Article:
If you want to find major emitters of greenhouse gases, look no further than your city’s skyline. Buildings account for more than one-third of all final energy consumption and half of global electricity use. They’re responsible for approximately one-third of global carbon dioxide emissions.
While rapid urban development demands new infrastructure, there is a cost-effective solution for reducing buildings’ environmental impacts – energy efficiency. That’s why the World Resources Institute (WRI) and Johnson Controls (JCI) are partnering today to launch the Building Efficiency Initiative. This Initiative will convene city and private sector leaders to accelerate progress on building efficiency using innovative finance and distributed energy.
Urbanization Poses a Challenge to Sustainable Buildings
While cities are engines of economic growth, they’re also engines of environmental impact. According to the Better Growth, Better Climate report, cities generate around 80 percent of global economic output and 70% of energy-related greenhouse gas emissions. And they’re poised to become even larger than they are today: By 2030, cities will account for 66 percent of the world’s population, up from 54 percent today.
Much of this growth will occur in rapidly urbanizing countries in Asia and Africa, which are poised to make significant investments in new infrastructure to accommodate these population increases. In China, for instance, 60 percent of all buildings will be new buildings by 2020.
City leaders have a choice: Continue today’s building practices and lock in inefficient energy consumption, or invest in energy efficiency, reduce electricity use, and save money in the long-term.
Building Efficiency Brings Cost Savings and Environmental Benefits
Energy efficiency advances both climate action and economic growth, and investments in building efficiency can have particularly high economic and social returns. According to the International Energy Agency’s (IEA) World Energy Outlook 2006, each additional dollar spent on energy efficiency in electrical equipment, appliances, and buildings avoids more than two dollars in energy supply costs. Many of the same design and operational principles that lead to greater energy efficiency can also lead to other benefits like reduced water use, greater climate resilience, and social improvements.
New York City, for example, is using improvements in building efficiency as a means to combat inequality and meet the city’s new commitment to reduce its greenhouse gas emissions by 80 percent by 2050. Mayor Bill De Blasio compared energy costs to a regressive tax, because lower-income residents tend to spend a higher share of their income on energy than more affluent citizens and often live in less-efficient buildings. By investing in building efficiency, cities can reduce expenses for lower-income residents while curbing emissions. The city plans to spend at least US$1 billion in building efficiency improvements and aims to upgrade all public buildings with major energy use by 2025.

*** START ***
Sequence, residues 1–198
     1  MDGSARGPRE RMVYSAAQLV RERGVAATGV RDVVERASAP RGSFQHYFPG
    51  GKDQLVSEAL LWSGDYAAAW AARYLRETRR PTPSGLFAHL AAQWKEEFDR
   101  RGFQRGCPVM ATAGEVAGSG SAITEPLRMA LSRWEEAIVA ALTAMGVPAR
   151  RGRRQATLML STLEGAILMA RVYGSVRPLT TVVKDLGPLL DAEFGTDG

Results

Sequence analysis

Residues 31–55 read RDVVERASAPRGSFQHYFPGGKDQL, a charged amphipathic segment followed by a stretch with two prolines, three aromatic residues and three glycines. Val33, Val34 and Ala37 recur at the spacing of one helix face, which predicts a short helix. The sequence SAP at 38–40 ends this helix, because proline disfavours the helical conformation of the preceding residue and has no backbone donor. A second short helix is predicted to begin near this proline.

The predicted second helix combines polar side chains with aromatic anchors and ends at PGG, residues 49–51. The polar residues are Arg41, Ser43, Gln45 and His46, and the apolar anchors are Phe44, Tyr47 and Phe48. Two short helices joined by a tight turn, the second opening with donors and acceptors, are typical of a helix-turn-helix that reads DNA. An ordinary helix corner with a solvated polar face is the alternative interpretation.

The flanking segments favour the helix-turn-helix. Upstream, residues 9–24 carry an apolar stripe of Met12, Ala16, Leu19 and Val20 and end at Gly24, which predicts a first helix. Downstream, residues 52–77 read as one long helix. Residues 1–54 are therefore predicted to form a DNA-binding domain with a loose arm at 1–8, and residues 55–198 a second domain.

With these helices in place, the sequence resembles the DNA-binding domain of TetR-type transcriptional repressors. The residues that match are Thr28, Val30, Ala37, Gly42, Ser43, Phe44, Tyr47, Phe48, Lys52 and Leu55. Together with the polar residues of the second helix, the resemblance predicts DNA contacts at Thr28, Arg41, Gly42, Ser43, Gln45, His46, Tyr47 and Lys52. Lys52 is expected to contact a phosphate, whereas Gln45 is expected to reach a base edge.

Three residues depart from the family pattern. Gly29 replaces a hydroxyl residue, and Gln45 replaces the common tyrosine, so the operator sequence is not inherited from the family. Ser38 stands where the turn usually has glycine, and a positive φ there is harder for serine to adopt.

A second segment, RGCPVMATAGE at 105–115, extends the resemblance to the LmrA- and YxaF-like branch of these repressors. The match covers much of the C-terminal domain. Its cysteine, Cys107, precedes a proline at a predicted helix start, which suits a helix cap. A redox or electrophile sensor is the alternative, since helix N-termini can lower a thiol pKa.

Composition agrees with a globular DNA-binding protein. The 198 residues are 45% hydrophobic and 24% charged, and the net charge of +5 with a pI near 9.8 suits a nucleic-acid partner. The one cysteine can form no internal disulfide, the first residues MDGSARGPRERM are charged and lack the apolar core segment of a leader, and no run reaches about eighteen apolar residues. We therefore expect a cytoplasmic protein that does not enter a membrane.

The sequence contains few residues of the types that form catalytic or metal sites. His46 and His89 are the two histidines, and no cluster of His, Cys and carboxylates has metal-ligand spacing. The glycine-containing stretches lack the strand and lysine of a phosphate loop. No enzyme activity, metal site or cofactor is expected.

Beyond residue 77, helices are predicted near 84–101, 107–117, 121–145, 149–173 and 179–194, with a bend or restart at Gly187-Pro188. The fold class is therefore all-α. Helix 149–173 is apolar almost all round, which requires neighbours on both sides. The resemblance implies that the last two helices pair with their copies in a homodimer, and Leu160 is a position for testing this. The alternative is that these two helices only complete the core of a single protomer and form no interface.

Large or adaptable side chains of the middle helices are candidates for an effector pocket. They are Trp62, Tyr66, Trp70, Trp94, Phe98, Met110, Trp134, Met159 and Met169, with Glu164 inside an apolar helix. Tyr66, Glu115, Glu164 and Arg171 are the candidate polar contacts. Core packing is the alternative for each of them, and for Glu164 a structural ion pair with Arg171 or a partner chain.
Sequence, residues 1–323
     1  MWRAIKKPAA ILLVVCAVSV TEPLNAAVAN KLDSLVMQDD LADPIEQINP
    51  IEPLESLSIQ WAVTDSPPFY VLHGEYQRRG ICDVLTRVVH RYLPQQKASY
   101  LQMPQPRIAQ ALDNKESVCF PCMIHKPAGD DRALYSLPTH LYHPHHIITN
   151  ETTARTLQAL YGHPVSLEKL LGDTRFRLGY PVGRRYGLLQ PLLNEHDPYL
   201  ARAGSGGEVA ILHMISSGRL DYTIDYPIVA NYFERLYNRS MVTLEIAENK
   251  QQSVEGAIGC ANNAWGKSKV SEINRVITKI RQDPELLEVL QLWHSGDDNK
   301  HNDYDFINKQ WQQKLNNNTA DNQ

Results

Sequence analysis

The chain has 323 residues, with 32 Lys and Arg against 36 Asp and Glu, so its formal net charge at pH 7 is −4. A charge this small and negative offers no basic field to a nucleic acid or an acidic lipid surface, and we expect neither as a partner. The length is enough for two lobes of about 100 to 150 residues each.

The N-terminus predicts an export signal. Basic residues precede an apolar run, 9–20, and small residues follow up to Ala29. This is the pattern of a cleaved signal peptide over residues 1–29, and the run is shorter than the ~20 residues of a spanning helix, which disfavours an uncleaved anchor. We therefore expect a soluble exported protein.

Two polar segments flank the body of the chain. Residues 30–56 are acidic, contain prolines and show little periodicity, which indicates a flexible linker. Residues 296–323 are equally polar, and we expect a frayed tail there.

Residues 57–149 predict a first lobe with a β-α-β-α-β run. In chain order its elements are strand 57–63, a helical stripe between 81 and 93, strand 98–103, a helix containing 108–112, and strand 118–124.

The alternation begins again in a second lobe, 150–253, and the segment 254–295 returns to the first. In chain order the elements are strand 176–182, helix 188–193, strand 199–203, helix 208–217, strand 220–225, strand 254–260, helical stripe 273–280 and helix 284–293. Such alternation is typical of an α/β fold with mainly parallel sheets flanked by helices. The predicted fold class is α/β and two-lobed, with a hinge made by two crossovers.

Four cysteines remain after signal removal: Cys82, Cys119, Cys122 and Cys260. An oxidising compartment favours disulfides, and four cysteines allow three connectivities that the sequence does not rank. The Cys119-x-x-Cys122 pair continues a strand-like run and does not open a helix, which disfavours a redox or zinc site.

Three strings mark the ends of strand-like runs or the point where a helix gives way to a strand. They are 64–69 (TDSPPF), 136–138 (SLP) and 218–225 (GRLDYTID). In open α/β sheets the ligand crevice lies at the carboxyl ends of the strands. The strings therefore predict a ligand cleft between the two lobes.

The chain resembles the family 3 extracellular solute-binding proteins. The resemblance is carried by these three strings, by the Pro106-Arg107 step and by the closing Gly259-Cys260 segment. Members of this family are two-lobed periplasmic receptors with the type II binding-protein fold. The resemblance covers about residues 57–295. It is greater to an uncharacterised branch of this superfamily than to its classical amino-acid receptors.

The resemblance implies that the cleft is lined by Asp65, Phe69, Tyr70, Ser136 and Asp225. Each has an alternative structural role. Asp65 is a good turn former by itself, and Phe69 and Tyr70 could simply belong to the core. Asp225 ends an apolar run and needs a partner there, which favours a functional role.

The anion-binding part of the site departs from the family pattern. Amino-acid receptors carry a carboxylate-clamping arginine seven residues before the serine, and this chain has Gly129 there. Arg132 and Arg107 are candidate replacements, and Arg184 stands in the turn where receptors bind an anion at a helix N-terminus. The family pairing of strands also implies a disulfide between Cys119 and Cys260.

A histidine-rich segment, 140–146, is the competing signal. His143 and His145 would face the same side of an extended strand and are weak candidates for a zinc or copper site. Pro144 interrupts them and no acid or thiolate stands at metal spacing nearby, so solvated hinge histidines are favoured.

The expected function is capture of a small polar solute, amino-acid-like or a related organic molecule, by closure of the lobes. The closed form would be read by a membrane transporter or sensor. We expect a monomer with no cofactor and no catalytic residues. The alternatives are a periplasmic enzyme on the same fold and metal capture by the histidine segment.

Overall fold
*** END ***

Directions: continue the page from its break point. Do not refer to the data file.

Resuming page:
Energy efficiency also gives cities the ability to supply energy to a greater number of people. Worldwide, 1.3 billion people lack access to electricity, and 14% of those are in urban areas. This is a particular challenge in rapidly growing cities with informal settlements or slums, whose residents often have access to energy sources that are costly, unreliable, or heavily polluting. Greater energy efficiency can make energy supply available to more people, and make energy more affordable for low-income households.
Introducing the Building Efficiency Initiative
The Building Efficiency Initiative – part of the WRI Ross Center for Sustainable Cities – will combine Johnson Controls’ expertise in providing building efficiency solutions with WRI’s research excellence and on-the-ground experience to advance global solutions for resource efficiency. Specifically, the Initiative will engage public and private sector innovators to develop, test, and scale energy efficiency solutions like new finance models, and promote better approaches for integrating distributed energy systems at the building and community level.
The world’s growing cities can adopt a more sustainable path to growth, save resources and money, and build a brighter future for their citizens. This goal starts by improving energy efficiency, one building at a time.